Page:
“My understanding from working through this with our project technical team is there’s really no alternative that exists that would eliminate the need for channel improvements behind Edgewood,” Taddeucci said. “Unless we did nothing and left it at a 10-year flood level.”

Tadeucci added that framing the situation as an either/or scenario — having either a wildlife corridor or a flood mitigation stream — neglects a broader range of possibilities that could be explored. 

By using “natural design features” — like manufactured wetlands and carefully chosen vegetation — “you can have both,” Taddeucci said. He acknowledged that construction would effect the area for a year or so, but after its completion, vegetation would start to recover and wildlife would return.

“The way we’ve done projects across the city, there are lots of engineered structures that look really natural that people would have no idea that’s an engineered structure,” he said.

When asked if the city has had a wildlife ecologist visit Reach 6 to determine the possible impact on the animals Edgewood residents are so protective of, Taddeucci said he was unsure. But as the project moves forward, the city will have to prove to federal agencies that the option chosen is the least environmentally damaging of those available.

A fox litter as seen in the area known as Reach 6 in the city’s flood mitigation plan. The plan will be presented to city council this Thursday. Courtesy of Eddie Clark

McCurry of the Water Resources Advisory Board said he understands the frustration of those living along Reach 6. He has visited the site and remarked on its beauty. But he also pointed out that 759 structures lie in the two drainages the city is working to protect from floods, part of its new Comprehensive Flood and Stormwater Master Plan designed to slow and divert floodwaters amid worsening climate change.

“I would like to think that those residents in Reach 6 could take a slightly bigger perspective,” McCurry said. “Yes, the drainage they look out over is going to be impacted by flood mitigation improvements, but it’s to the benefit of hundreds and hundreds of neighbors upstream.”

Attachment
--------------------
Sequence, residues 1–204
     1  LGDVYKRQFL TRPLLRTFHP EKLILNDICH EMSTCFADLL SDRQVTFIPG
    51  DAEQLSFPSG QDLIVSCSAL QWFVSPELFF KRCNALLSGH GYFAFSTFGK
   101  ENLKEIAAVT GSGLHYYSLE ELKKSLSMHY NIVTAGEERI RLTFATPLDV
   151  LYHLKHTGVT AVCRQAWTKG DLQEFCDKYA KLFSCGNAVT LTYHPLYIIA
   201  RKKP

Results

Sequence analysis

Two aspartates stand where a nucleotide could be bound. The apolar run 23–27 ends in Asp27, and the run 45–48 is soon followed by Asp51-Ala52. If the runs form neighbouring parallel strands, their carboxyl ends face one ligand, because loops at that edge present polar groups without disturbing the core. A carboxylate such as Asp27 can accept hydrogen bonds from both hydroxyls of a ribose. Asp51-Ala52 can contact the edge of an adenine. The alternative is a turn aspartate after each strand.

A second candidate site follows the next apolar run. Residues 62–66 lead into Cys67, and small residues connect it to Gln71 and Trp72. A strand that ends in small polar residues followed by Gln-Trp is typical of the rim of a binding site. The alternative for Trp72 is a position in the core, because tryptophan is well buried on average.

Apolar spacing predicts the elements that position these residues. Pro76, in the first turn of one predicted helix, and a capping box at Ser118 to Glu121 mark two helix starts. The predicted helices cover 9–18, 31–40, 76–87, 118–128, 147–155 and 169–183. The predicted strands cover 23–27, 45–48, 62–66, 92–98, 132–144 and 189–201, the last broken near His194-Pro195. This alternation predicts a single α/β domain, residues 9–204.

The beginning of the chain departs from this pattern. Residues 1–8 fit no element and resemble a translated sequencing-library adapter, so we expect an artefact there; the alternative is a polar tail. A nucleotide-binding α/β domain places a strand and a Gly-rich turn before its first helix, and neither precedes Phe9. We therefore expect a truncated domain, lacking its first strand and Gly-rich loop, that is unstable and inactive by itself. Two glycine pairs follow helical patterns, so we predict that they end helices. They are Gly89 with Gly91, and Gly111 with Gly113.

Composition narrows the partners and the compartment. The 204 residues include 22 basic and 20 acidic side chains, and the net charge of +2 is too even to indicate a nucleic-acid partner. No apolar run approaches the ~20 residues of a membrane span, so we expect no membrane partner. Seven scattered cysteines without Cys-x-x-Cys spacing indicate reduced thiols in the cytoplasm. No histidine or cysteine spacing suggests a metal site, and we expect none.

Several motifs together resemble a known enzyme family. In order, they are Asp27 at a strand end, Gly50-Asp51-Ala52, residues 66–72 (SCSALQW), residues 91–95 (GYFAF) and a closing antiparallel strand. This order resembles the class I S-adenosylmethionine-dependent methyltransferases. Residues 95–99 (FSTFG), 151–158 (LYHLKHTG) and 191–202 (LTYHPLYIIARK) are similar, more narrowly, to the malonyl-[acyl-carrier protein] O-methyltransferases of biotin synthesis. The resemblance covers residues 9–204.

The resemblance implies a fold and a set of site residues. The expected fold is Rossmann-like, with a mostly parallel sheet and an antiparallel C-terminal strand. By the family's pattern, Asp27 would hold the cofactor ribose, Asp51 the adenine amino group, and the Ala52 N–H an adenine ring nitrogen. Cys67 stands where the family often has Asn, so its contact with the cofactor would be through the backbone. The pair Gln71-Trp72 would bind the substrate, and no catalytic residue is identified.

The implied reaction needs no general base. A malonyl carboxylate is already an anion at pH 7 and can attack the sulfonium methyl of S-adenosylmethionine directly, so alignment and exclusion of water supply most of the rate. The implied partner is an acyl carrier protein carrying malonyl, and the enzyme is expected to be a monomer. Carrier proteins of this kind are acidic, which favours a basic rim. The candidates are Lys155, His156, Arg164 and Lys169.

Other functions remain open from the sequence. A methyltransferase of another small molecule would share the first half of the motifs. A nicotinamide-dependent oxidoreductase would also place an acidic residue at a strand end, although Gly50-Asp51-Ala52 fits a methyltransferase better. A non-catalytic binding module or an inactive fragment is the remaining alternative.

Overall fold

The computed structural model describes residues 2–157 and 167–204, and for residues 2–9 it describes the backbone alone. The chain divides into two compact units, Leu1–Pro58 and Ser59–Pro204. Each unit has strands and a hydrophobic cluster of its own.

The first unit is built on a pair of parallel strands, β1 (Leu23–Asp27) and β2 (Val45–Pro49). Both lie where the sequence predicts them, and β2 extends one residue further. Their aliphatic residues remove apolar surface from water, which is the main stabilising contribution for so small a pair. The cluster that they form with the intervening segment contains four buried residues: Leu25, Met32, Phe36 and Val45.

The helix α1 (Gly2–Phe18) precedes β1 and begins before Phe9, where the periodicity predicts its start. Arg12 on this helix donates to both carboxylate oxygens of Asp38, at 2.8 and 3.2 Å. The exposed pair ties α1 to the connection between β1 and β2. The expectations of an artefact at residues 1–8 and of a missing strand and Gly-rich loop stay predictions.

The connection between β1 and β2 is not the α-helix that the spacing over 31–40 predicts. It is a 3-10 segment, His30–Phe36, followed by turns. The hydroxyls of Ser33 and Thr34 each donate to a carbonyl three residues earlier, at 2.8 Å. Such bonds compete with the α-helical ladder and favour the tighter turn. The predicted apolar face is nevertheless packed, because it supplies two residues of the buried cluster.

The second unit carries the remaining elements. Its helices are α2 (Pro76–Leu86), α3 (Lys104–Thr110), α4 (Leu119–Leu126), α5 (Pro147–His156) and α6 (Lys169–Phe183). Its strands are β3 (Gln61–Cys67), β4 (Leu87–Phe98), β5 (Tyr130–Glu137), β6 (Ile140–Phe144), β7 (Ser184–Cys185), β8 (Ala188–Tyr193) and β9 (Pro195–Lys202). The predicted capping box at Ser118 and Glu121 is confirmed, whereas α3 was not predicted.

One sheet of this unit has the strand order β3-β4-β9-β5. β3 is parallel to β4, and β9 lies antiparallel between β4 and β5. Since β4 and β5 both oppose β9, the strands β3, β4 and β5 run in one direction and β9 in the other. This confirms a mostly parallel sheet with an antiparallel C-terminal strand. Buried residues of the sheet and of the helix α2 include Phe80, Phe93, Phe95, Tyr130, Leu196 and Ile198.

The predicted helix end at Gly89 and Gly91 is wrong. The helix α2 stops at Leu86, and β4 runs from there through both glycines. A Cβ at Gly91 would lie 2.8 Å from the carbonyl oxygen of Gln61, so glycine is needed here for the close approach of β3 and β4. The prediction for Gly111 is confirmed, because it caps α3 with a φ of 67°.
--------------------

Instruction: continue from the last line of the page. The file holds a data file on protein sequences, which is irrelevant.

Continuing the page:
On Thursday, May 17, city staff from the Utilities Department will present Boulder City Council with its plan for flood mitigation in the Goose Creek and Twomile drainages. If council approves the plan, city staff will move forward from a conceptual level to begin engineering details.

Tim Drugan is the climate and environment reporter for Boulder Reporting Lab, covering wildfires, water and other related topics. He is also the lead writer of BRL Today, our morning newsletter. Email:

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  1. I would like to think that those residents in Reach 6 could take a slightly bigger perspective,” McCurry said. “Yes, the drainage they look out over is going to be impacted by flood mitigation improvements, but it’s to the benefit of hundreds and hundreds of neighbors upstream.”

    Predictably the closing line… While it’s an effective marketing approach, it’s also flaws and inequitable. Not to mention the proposal is to more than double to natural flow through this area. So while upstream (albeit more affluent) neighborhoods will benefit, it will be at our peril and safety.

  2. Not sure why my previous comment was deleted, I don’t believe it was in violation of the comments policy. Let’s try again.

    As per the closing paragraph, the Edgewood community’s stance is going to be marketed at as a “not in my backyard” position, when with a little more investigative efforts you’ll find the neighborhood challenges to the proposal are centered on equitable treatment, engagement, and disclosures. The wild life corridor is notable and an unfortunate outcome, but for many an ancillary challenge to loss of property, values, and prioritizing “upstream neighbors” over this stretch of 31 homes. I would encourage your readers to attend the public council meeting on May 18th to better understand the concerning facts of this proposal and approach. It affects all Boulder residents.